Aloe: Potential Uses, Risks and Benefits
Aloe plants are succulents with large fleshy leaves that contain a large percentage of water as a viscous gel. While known most prominently as a treatment for burns, the gel has other potentially helpful properties, including wound healing, antimicrobial and anti-inflammatory effects. The term “aloe” describes a number of different, but related plants, where aloe vera is one of the most commonly utilized aloe species for medicinal purposes.
While most research has focused on aloe as a topical treatment or mouthrinse, it also may be helpful for gastrointestinal and inflammatory conditions like arthritis. However, caution is warranted with some commercial products, as many contain the green skin and latex from the leaf and are likely harmful or toxic with long-term consumption.
Topical Aloe for Skin Conditions
A recent meta-analysis concluded that aloe, used for first and second degree burns, was more effective than standard medical treatments. It shortened recovery to nine days on average and helped prevent irritation and infection (Hekmatpou 2019).
For reference, a first degree burn is the least serious, with just reddening of the skin. A second degree burn includes blistering. Third degree burns are more serious, penetrating the full thickness of the skin, which generally requires more intensive treatment measures beyond just topical aloe gel.
Studies have also shown efficacy with using aloe for surgical incisions. Treating surgical wounds three times daily decreases pain and shortens recovery time (Hekmatpou 2019). Other chronic skin conditions, including psoriasis, genital herpes and chronic anal fissures have also responded to aloe vera topical treatments (Syed 1996, Syed 1996, Choonhakarn 2010, Rahmani 2014, Kanlıöz 2020).
Aloe As a Mouth Rinse
For plaque and gingivitis or inflammation of the gums, aloe vera rinse has been compared to the standard antiseptic, chlorhexidine mouthwash. Overall, the research suggests aloe may be as effective for inflammation, although possibly less so for plaque removal. However, results were somewhat variable and additional research could help to clarify. Of note, aloe vera was much better tolerated as compared to chlorhexidine (Al-Maweri 2020).
Oral mucositis is a condition caused by standard cancer treatments, leading to inflammation, ulceration and pain of the tissues inside the mouth. While the first published study didn’t show benefits (Su 2004), later studies on aloe for preventing and treating oral mucositis have found significant improvements. Aloe was found to help treat and prevent mucositis caused from both radiation and chemotherapy (Ferreira 2022).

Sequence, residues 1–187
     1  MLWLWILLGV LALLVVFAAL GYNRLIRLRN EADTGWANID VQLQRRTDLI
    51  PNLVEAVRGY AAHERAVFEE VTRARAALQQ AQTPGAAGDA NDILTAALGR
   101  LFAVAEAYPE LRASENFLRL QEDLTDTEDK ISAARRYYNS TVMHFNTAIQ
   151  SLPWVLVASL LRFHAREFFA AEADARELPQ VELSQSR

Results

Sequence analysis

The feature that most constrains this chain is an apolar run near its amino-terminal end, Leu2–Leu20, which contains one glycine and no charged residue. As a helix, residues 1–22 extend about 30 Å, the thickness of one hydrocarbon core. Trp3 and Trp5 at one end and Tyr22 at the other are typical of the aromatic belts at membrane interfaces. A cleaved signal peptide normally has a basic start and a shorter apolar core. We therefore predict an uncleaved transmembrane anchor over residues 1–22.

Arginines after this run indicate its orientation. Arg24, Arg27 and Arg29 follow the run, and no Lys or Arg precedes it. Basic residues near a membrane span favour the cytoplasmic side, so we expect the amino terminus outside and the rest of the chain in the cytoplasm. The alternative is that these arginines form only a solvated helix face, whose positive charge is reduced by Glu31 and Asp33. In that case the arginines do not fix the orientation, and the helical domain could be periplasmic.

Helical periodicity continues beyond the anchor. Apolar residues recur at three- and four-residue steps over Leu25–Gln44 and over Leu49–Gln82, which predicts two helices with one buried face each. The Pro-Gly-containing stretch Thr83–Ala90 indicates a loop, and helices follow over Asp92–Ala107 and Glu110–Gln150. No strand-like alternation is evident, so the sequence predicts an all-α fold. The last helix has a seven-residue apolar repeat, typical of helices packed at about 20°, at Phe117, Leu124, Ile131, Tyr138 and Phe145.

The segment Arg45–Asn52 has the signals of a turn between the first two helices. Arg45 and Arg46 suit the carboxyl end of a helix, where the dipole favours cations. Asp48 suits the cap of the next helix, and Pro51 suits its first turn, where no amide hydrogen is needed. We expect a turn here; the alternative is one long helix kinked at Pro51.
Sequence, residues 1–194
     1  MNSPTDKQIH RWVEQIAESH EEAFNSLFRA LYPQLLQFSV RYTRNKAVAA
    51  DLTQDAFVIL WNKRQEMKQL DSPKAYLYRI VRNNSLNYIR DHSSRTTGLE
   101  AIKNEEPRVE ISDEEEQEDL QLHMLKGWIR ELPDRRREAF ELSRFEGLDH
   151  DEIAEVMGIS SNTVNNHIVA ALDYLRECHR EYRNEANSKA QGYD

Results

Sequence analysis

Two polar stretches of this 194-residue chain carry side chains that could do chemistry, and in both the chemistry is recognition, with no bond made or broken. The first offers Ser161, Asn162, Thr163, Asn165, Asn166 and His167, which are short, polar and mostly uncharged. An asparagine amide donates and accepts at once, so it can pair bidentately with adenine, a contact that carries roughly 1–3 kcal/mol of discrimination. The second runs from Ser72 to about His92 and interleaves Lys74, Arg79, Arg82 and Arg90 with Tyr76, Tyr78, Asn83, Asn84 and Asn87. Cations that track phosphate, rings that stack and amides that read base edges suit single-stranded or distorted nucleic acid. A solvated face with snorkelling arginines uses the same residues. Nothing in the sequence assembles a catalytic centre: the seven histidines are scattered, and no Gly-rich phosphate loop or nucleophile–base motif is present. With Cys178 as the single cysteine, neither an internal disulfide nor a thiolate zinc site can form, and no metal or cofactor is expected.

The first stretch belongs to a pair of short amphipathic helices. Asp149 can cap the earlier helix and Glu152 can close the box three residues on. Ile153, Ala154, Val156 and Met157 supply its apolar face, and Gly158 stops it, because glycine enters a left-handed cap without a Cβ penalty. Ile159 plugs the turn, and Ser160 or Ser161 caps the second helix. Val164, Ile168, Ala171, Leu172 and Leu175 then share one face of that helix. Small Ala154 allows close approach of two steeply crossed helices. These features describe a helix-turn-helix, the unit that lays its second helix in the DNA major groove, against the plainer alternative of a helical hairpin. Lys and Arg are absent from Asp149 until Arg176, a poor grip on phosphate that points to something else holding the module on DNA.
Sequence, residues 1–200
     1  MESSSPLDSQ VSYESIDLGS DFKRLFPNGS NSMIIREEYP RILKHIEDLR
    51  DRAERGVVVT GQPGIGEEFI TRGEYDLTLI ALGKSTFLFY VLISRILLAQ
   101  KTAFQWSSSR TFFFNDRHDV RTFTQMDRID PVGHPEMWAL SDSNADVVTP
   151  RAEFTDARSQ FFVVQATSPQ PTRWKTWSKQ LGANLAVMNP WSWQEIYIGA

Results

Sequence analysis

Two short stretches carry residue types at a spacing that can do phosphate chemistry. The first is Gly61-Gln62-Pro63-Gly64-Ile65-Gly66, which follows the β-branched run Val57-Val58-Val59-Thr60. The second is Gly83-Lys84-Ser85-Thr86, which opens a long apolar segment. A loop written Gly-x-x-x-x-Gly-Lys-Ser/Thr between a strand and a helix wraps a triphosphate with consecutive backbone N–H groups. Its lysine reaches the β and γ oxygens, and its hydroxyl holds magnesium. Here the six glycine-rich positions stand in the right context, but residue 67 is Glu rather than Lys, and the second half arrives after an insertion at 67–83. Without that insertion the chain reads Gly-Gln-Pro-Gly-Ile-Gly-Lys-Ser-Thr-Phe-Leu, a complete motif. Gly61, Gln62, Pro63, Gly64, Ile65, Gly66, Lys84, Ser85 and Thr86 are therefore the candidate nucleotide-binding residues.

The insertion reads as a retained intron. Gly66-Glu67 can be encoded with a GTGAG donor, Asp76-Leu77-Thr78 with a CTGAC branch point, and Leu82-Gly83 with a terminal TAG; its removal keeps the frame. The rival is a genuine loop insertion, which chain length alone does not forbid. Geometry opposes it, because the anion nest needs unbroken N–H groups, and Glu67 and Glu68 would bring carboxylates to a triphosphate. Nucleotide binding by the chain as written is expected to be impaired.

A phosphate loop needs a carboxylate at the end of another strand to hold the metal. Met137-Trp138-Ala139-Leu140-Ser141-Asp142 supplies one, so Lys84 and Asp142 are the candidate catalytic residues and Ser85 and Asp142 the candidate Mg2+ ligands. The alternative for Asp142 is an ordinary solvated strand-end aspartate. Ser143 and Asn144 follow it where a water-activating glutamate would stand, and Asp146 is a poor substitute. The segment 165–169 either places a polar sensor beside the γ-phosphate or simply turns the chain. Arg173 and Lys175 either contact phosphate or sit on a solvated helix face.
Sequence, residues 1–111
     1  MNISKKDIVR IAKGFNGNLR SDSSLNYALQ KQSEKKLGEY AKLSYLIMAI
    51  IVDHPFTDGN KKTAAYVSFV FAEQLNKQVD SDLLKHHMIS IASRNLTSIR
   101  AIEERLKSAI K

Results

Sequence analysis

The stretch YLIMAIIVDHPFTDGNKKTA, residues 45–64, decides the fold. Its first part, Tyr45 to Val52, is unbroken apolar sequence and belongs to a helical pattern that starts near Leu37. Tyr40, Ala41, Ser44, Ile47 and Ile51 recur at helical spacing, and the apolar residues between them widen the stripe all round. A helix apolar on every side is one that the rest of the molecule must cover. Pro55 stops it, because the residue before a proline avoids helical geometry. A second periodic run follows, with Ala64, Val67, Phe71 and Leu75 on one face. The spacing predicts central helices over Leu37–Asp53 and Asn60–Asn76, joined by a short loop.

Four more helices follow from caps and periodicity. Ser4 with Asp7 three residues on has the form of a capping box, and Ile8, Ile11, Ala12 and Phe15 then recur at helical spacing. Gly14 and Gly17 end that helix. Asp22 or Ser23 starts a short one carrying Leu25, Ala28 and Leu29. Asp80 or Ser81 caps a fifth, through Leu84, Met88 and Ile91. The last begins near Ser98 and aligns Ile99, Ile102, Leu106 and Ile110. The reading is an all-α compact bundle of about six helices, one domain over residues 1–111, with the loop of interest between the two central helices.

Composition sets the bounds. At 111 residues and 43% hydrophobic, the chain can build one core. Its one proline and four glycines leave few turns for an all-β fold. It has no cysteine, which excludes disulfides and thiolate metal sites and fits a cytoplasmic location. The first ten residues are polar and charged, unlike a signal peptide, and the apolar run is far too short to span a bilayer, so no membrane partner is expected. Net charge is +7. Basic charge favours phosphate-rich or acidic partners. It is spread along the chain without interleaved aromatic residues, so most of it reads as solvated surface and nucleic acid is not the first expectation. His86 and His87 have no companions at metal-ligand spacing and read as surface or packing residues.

Aloe for Irritable Bowel Syndrome
Irritable bowel syndrome is a condition often marked by abdominal pain with constipation or diarrhea. In patients with irritable bowel syndrome, aloe has shown some potential to help reduce symptoms. While one of the most recent studies only found benefits equivalent to placebo, fully one-third of patients still responded to treatment. Subjects that responded to aloe had specific gut flora parameters that were likely key to their improvement (Ahluwalia 2020).
An earlier meta-analysis of aloe vera ingestion for irritable bowel syndrome found the treatment to be effective (Hong 2018). Aloe vera reduced irritable bowel symptoms significantly better than placebo in the three included studies.
Aloe for Arthritis
While the evidence for using aloe for the treatment of arthritis is not nearly as robust as other indications, it is still worth considering. Animal studies have shown anti-inflammatory effects with aloe for rheumatoid arthritis (Kamal 2021, Guha 2014).
Other research suggests benefits for osteoarthritis or “wear-and-tear” of the joints (Cowan 2010). Similar to the studies on rheumatoid arthritis, additional research has also found anti-inflammatory benefits with aloe (Yagi 2003). And along with the anti-inflammatory effects, aloe also appears beneficial in helping to repair damaged joint tissues, promoting connective tissue healing (Chatterhee 2018).
Aloe: Safety Issues
When used properly, aloe appears to be quite safe. However, aloe leaves contain three basic components, the clear inner gel, a latex compound between the gel and skin and the outer green-leaf skin. The clear gel contains the constituents that provide anti-inflammatory and therapeutic properties. Products for oral and topical use should be based on the gel alone. The outer skin and latex of aloe leaves are well known to cause diarrhea and contain constituents that are both carcinogenic and toxic (Guo 2019).
Products that are advertised as whole leaf extracts or that contain the whole leaf will include the toxic constituents and should not be used therapeutically.
Another potential problem with aloe products are some of the added ingredients. Most aloe gel products for oral use contain a thickener. In some cases, this thickener is carrageenan, a compound that may cause damage to the gastrointestinal tract. For internal use, products that do not contain carrageenan are recommended.
Aloe is a plant with a long history of use, both topically for burns and wounds and internally for gastrointestinal concerns and inflammatory conditions. When used as the inner gel, aloe appears to have significant potential for treating these conditions. However, caution is warranted when using commercial aloe-based products as many include the green skin and latex of the aloe leaf. These components are known to contain cancer-causing and toxic constituents and should be avoided, especially with internal use.